No other Italian film-maker of world stature has been as neglected as Ermanno Olmi, possibly because his quiet mastery is unfashionable but also because a serious illness has limited him in recent years. The last time he came into prominence was in 1978 when he won the Palme D’Or at Cannes with The Tree of Wooden Clogs.
Many think this three-hour epic about the lives of peasants in turn-of-the-century Bergamo is his masterwork. It may be, but other classics include Il Posto (The Job), Un Certo Giorno (One Fine Day) and La Circonstanza (The Circumstance). His films may not have the virtuosity of Fellini, Visconti, Pasolini and Bertolucci. But time will prove that they are of equal value.
The Tree of Wooden Clogs was taken from stories Olmi’s grandmother told him. Using peasants from the area as actors, it was made with direct sound (very unusual in Italy). It was even spoken not in Italian but in Bergomesque. The film attempted not only an attack on an outmoded social system – the peasants have to beg land and the wherewithal for a basic education from the local landlord – but an almost mystical affirmation of the relationship of man to nature.
Olmi was a Catholic as well as a Marxist so the film isn’t as angry, and is far more beautiful, than that other masterpiece of the same genre from Latin America, Nelson Pereira Dos Santos’s Barren Lives.
Its strength lies not just in its ravishing depiction of the changing seasons in a stunning part of Lombardy nor in its human sympathies, which are never patronising to the ordinary people he finds so unordinary, but in its measured, cumulative approach to the hard life of those close to penury and exploited by the powerful. For instance, the tree of the title is cut down by a father to make a pair of clogs for his son to reach school. For which he pays a terrible price.
There are several other stunning sequences, such as when a secretive old man finally tells his granddaughter how he has managed to grow his tomato crop so early each year that he can be the first to sell in the market. Even better is the honeymoon trip on an old barge to Milan. This is a documentary that isn’t a documentary, perhaps a trifle nostalgic for times past but never averse to pointing out the viciousness of the old system and the bleak fight that has to be fought against the natural world.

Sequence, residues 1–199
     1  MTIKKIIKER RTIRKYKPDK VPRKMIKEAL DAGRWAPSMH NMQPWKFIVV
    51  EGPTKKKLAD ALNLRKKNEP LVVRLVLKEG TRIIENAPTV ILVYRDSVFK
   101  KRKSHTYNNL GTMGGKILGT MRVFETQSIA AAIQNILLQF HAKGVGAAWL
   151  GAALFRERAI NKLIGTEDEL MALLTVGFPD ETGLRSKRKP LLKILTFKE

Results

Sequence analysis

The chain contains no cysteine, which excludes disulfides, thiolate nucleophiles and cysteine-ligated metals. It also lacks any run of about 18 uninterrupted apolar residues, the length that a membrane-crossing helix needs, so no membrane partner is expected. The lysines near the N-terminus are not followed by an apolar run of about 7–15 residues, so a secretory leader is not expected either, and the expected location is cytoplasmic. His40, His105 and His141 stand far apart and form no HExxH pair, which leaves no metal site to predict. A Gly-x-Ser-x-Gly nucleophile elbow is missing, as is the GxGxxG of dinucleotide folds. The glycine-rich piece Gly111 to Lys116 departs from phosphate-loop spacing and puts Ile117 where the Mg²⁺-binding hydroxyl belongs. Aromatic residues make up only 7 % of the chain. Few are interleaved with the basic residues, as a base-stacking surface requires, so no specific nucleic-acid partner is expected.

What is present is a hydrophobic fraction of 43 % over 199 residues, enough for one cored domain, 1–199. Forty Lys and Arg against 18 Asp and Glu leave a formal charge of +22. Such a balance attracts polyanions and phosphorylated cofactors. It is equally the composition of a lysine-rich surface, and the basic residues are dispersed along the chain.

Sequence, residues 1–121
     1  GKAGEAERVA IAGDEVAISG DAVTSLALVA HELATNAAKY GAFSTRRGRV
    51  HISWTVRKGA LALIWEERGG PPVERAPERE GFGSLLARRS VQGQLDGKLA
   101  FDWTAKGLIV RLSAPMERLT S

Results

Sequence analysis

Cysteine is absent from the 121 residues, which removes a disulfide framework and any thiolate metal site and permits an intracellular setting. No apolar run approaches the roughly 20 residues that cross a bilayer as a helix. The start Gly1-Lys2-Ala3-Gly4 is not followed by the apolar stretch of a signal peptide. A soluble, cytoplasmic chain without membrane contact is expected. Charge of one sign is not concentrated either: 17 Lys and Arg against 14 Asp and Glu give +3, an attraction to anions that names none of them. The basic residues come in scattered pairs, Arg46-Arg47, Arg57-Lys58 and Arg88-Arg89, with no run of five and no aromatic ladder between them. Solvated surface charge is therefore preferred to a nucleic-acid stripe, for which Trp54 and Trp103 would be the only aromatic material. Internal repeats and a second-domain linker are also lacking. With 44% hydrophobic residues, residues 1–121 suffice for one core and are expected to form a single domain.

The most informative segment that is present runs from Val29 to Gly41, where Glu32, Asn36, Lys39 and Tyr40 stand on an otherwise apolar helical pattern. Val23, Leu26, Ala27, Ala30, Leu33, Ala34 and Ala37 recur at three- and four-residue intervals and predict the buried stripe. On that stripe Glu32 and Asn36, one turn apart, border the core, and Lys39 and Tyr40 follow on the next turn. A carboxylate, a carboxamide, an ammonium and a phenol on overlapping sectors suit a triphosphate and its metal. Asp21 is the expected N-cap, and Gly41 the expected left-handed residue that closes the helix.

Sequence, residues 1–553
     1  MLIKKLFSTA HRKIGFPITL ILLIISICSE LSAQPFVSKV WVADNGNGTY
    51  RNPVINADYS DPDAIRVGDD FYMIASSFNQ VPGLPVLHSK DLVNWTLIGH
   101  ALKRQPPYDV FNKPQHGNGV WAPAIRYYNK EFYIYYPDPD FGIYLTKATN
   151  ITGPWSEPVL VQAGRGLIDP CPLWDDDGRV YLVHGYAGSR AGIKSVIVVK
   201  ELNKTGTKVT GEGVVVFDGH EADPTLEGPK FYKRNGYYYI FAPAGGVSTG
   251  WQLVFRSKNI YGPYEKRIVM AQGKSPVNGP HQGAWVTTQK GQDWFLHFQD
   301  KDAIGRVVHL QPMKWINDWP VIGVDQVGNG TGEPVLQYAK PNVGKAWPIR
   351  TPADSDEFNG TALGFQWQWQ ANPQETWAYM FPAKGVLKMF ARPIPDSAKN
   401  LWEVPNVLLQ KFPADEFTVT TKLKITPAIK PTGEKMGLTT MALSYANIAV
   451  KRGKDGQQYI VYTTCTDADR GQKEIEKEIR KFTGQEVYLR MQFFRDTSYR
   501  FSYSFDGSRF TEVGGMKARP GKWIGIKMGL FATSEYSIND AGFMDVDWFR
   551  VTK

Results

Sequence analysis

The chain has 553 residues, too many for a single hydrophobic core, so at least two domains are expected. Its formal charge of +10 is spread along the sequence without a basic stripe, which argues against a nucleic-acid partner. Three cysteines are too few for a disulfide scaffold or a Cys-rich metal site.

Olmi’s other films are very different, though inhabiting the same humanist space. The Job has a young man triumphantly finding a clerking job but thereby condemned to drudgery for the rest of his life. One Fine Day is about a middle-aged businessman who causes an accident in which a farmworker dies, which forces him to re-examine his whole empty life. “Work,” said Olmi, “is not a damnation for man. It is his chance to express himself. But work as it is organised by society often becomes a condemnation. It annuls man. We are conditioned, but we are also guilty of letting it happen.”
His precise and tactful films never over-dramatise. They seem to exist naturally, setting his characters against an equally authentic background so that you forget the skill with which they are made. It is good to know that many of the best of present day Italian film-makers regard his work as a model.